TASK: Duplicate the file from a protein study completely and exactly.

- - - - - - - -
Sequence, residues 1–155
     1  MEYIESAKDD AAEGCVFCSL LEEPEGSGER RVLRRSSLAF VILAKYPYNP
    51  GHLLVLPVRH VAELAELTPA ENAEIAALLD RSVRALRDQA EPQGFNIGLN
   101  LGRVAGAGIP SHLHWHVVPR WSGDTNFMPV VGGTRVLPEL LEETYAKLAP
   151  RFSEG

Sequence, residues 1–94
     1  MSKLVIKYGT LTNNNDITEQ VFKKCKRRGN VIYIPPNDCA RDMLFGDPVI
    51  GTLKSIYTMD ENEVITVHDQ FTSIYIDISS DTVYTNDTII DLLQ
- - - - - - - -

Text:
Sequence, residues 1–155
     1  MEYIESAKDD AAEGCVFCSL LEEPEGSGER RVLRRSSLAF VILAKYPYNP
    51  GHLLVLPVRH VAELAELTPA ENAEIAALLD RSVRALRDQA EPQGFNIGLN
   101  LGRVAGAGIP SHLHWHVVPR WSGDTNFMPV VGGTRVLPEL LEETYAKLAP
   151  RFSEG

Sequence, residues 1–94
     1  MSKLVIKYGT LTNNNDITEQ VFKKCKRRGN VIYIPPNDCA RDMLFGDPVI
    51  GTLKSIYTMD ENEVITVHDQ FTSIYIDISS DTVYTNDTII DLLQ